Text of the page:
Wednesday, December 8, 2010

What Is a Zombie, and Why Does It Want to Eat Us?

The New York Times ran an article in its December 5, 2010, edition -- --

arguing that Zombies are in vogue because they remind people of their own repetitive, mindless everyday lives:

What if contemporary people are less interested in seeing depictions of their unconscious fears and more attracted to allegories of how their day-to-day existence feels? That would explain why so many people watched that first episode of “The Walking Dead”: They knew they would be able to relate to it.

A lot of modern life is exactly like slaughtering zombies.

The author goes on to suggest that such modern tasks as deleting unwanted email resemble Zombie-killing in that they're simple, easy, mechanical - and yet endless: "The zombies you kill today will merely be replaced by the zombies of tomorrow."

I have a different interpretation. I think horror is all about our fears, whether unconscious, preconscious, semi-conscious or conscious - that's why it's horrific.

What do Zombies do? They eat you. You can't feed them anything else, like apples or dog food, or get them to feast on one another. No, NO, they want to eat YOU out of house and home and all your substance. They want to turn your vibrant, thriving individual person into a heap of decaying remains.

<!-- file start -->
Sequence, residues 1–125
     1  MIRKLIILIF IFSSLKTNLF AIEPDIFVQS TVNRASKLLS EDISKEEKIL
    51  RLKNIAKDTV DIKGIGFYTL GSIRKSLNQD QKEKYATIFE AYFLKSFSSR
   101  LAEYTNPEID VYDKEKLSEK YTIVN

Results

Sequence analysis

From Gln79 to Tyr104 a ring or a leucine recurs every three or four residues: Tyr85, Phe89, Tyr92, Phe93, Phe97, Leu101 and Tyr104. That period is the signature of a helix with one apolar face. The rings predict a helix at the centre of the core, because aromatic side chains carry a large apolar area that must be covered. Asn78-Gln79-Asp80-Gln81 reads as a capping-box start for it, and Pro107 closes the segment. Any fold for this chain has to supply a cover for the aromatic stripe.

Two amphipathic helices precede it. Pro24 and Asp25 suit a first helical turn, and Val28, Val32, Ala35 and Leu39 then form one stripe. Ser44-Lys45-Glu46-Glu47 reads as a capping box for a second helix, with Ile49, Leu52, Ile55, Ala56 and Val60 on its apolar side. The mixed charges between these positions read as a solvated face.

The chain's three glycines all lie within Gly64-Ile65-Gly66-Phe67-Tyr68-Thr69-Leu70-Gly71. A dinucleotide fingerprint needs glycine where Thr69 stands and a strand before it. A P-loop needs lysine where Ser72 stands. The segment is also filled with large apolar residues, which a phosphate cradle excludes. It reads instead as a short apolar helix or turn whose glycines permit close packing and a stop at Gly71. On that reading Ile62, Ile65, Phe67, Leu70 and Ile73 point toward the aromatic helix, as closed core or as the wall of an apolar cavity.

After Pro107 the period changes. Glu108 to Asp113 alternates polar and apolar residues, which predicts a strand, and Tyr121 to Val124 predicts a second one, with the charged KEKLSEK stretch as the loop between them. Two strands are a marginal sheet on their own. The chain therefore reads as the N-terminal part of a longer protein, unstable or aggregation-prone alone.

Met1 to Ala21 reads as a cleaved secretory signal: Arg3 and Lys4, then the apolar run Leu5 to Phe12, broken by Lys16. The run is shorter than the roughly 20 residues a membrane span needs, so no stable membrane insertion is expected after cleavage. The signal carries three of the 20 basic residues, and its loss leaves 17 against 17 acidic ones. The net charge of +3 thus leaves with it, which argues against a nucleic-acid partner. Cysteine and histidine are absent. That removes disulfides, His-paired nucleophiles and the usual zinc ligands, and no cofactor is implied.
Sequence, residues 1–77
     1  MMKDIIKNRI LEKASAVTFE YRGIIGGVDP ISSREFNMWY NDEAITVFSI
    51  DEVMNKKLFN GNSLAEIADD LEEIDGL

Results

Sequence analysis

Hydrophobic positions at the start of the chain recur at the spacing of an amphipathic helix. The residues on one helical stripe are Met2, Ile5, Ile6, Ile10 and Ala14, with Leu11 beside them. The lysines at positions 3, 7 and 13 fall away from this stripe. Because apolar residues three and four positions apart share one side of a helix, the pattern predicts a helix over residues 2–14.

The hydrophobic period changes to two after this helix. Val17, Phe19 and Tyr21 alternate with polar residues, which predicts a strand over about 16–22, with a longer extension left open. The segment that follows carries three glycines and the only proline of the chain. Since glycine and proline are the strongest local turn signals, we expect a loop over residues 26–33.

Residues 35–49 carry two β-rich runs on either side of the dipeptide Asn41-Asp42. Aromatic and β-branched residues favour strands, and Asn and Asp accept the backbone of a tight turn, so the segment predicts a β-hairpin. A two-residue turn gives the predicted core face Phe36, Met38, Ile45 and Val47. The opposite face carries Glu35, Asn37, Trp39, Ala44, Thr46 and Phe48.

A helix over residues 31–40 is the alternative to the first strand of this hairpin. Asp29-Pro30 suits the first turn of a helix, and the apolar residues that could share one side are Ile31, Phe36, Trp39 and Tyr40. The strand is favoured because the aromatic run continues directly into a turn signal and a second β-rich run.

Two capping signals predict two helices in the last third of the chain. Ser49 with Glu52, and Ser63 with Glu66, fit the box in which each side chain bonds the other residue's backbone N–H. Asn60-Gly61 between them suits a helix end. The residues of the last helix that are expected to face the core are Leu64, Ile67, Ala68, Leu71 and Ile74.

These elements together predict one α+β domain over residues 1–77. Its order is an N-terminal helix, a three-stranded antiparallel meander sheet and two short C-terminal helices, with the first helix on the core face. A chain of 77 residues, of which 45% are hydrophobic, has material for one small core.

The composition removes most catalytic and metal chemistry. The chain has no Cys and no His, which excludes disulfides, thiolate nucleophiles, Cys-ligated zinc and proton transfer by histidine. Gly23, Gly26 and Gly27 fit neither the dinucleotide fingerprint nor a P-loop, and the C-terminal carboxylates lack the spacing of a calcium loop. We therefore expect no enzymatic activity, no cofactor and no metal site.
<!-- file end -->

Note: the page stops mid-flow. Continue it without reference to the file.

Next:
The most ghastly thing in the world to just about every human being is a corpse. We fear Death and we are terrified of the Dead.

The second most ghastly thing is the prospect of being eaten - not just eaten, but eaten ALIVE.

The Zombie Apocalypse brilliantly combines these two horrors, but adds a third element: a MASS of Zombies, slow-moving and defenseless but so numerous and ravenous as to be unstoppable.

Why is this vision so compelling? Because in the back of our minds, we know that there really is such a threat. We are constantly warned about it and commanded to feel responsible for it, and even told we deserve to be destroyed by it. At the same time we aren't supposed to talk about it.

What is this threat? The near-starvation of millions in the "underdeveloped" world. No longer are teeming poverty-stricken masses sitting put and quietly dying as they wait for rescue. In the age of mass communication and mass transportation, they are on the move.

They have already begun coming. As the horror movie line goes, "They're HEE-ere ..." We see images of them all the time - thin bony people wearing ragged clothes, scrambling through tunnels and across fences, lurking in the darkness waiting for a break, taking huge risks to reach the (over?)developed world and -

grab a bite to eat.

The best-quality Zombie treatments at least hint at the uneasy relationship between the Living and the Undead, the Pure and the Infected. George Romero kicked off the franchise in 1968 with plenty of tragedy and irony. Shaun of the Dead managed to tame his Zombified "mate" Ed and turn him into a tolerable telly-watching companion. I didn't go to see "Zombieland" because the trailer showed Zombies being simply soullessly mowed down. But American Movie Classics' new series "The Walking Dead" is showing signs of sensitivity to the fact that there but for fortune and a drop of blood or saliva may go any of us: its Zombies need more to be put out of their misery than brutally terminated.